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Loeb takes leg one honours in Italy

3 October 2003


Citroen's Sebastien Loeb continued his good run of form in the FIA World Rally Championship, leading the Rallye Sanremo at the end of the opening leg.

The Frenchman was quickest out of the blocks this morning, blasting his Citroen Xsara WRC into a 16-second lead at the end of an occasionally fog-bound opening loop of stages north-west of the rally's host town.

He dropped time to Ford's Markko Martin on the middle two stages, but was back at the top of the timesheets over stages five and six – a repeat of the first two this morning – to end the leg with a 32.4-second cushion over Martin.

The Ford driver's efforts were not helped by his car scooping leaves into the air intake on the first time through Perinaldo and Ceppo. The engine on his Focus started to overheat, running on safe mode for half of each test. Marcus Gronholm is third overnight, despite brake trouble on his Peugeot 206 WRC.

Tomorrow starts with the first of two runs through the 52-kilometre Teglia stage, which crews estimate will take around 36 minutes in good weather. These two stages [seven and ten] are likely to have a big impact on the rally.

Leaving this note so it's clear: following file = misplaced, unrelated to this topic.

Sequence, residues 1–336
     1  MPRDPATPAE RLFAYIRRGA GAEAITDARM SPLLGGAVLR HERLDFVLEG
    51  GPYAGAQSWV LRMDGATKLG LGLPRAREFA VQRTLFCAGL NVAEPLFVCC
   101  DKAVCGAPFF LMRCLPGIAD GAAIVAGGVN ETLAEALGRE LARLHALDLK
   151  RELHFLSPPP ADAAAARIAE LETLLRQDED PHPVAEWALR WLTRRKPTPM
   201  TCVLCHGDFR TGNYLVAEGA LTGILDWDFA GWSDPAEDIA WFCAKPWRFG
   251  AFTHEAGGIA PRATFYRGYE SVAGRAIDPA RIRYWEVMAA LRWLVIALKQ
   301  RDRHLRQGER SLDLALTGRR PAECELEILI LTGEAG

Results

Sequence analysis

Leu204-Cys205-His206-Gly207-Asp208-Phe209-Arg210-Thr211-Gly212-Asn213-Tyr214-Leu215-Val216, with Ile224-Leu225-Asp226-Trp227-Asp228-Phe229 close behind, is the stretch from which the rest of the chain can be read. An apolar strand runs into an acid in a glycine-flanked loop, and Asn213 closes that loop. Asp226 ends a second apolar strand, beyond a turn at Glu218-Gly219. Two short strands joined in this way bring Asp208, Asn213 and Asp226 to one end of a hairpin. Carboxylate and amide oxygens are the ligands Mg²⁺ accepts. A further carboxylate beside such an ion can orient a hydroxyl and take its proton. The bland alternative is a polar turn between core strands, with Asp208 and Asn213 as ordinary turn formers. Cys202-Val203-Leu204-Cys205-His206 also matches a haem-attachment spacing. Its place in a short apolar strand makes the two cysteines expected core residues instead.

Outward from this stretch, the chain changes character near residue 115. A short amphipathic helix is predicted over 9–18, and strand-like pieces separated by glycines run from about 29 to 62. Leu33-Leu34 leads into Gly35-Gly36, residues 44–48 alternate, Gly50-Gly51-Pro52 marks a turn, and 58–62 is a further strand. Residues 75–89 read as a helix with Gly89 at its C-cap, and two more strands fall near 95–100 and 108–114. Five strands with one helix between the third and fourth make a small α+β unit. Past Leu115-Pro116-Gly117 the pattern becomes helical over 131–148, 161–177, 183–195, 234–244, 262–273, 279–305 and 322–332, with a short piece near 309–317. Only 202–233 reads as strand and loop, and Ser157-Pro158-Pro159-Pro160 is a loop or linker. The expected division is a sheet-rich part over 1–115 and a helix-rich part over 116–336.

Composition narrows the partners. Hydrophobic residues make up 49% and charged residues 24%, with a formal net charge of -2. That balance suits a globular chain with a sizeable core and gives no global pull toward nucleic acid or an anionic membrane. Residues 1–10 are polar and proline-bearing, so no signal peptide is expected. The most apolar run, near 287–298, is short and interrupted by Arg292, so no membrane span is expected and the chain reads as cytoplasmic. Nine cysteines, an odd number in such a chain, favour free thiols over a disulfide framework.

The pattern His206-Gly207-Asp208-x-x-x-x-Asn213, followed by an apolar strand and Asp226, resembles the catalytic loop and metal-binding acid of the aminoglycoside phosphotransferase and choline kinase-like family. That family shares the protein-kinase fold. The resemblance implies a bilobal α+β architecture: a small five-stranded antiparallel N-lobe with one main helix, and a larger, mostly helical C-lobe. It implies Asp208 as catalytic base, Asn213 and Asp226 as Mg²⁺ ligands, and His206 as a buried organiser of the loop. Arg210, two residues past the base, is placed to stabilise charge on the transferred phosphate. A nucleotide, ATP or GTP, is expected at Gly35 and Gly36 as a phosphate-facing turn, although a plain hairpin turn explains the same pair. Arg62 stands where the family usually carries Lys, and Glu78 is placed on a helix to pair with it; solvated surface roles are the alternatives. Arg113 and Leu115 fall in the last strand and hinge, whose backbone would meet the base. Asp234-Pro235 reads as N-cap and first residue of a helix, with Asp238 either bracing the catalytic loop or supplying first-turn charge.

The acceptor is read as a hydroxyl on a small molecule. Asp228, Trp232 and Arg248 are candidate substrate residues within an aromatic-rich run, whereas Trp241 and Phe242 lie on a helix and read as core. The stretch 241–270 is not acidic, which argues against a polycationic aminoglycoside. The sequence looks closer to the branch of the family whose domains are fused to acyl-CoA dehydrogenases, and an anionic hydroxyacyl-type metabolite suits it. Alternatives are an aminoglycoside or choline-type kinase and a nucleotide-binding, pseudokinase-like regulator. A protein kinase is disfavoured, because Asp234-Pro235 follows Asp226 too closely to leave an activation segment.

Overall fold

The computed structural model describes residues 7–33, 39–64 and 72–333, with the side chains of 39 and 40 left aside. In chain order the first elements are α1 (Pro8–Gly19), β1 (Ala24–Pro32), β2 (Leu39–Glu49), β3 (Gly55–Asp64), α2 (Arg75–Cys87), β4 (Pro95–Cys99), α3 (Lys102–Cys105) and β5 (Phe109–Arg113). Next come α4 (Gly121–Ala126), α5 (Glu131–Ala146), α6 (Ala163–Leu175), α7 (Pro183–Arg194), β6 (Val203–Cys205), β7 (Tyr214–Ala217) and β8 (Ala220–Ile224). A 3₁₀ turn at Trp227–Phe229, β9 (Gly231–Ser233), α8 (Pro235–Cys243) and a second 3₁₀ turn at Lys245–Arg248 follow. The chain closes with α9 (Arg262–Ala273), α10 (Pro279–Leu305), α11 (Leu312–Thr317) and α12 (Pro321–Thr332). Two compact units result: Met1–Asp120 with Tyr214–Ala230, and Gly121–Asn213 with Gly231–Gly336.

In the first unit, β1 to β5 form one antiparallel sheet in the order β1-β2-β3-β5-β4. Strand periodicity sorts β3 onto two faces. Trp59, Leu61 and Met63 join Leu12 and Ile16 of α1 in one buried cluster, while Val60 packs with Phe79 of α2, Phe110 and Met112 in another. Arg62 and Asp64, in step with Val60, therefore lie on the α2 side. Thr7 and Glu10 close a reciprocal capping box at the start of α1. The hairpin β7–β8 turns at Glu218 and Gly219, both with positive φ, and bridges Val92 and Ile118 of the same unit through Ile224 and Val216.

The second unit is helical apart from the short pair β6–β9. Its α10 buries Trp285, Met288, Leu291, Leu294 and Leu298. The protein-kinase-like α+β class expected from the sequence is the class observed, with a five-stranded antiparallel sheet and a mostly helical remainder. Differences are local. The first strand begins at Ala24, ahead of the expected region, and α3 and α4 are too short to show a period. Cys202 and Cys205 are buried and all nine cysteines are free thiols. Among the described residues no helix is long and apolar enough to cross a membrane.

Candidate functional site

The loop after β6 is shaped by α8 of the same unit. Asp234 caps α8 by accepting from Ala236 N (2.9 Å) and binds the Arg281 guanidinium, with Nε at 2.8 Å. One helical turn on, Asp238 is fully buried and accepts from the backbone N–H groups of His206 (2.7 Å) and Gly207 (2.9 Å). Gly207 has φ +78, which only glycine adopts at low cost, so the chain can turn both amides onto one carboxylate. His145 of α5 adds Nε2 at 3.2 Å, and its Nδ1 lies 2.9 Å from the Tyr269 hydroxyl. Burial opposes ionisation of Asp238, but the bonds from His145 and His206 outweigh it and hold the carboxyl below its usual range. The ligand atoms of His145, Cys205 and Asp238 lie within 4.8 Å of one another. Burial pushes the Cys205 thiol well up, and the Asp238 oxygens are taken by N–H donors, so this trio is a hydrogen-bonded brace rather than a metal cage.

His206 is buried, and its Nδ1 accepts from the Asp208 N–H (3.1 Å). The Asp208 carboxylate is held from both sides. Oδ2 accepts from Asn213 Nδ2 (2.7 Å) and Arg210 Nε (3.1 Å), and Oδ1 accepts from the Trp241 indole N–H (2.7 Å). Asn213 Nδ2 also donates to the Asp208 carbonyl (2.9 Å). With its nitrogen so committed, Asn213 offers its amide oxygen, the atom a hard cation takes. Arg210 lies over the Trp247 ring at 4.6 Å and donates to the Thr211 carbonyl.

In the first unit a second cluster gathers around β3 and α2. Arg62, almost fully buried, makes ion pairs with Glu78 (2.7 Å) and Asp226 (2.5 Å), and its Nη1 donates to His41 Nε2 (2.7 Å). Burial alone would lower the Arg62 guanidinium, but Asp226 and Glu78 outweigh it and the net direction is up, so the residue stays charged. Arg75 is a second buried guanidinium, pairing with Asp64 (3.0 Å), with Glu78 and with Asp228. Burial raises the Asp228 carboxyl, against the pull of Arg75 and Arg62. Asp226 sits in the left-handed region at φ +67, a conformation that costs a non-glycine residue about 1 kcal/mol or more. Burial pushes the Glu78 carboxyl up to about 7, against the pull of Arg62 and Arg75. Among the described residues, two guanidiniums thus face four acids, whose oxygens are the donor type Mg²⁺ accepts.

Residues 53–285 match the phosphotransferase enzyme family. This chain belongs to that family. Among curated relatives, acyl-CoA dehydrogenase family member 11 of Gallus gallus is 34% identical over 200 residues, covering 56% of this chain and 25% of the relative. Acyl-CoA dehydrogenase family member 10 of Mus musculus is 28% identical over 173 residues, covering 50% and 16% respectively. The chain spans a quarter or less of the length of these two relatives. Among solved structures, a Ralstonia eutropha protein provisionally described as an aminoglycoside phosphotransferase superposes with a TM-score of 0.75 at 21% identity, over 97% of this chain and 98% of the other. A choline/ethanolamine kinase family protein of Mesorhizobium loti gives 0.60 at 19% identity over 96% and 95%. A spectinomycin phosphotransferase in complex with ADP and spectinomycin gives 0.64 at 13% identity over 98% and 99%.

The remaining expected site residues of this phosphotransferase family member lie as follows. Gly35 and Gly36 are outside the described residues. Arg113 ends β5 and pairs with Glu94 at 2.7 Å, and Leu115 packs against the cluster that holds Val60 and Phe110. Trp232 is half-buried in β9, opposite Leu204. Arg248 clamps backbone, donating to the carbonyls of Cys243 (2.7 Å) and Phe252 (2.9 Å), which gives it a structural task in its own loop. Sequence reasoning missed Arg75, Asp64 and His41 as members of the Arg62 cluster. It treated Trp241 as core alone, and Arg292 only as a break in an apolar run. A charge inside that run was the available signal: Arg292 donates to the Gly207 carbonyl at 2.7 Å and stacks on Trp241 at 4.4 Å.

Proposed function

The Citroen Xsara WRCs of Loeb and Colin McRae ran without fault today though, while Carlos Sainz was not happy with the brakes on his car.

Loeb was fastest on four of the day's six stages and enjoyed a trouble-free opening leg aboard his Xsara. Sainz held fourth place overnight. The Spaniard reported a lack of feeling on the brakes aboard his Xsara, otherwise his car ran without any serious mechanical trouble. McRae rounded out the trio of official Citroens in seventh. The Scotsman had taken a compound of Michelin too soft for the final loop of stages, feeling the tyres were moving around towards the end of the longer of the two stages.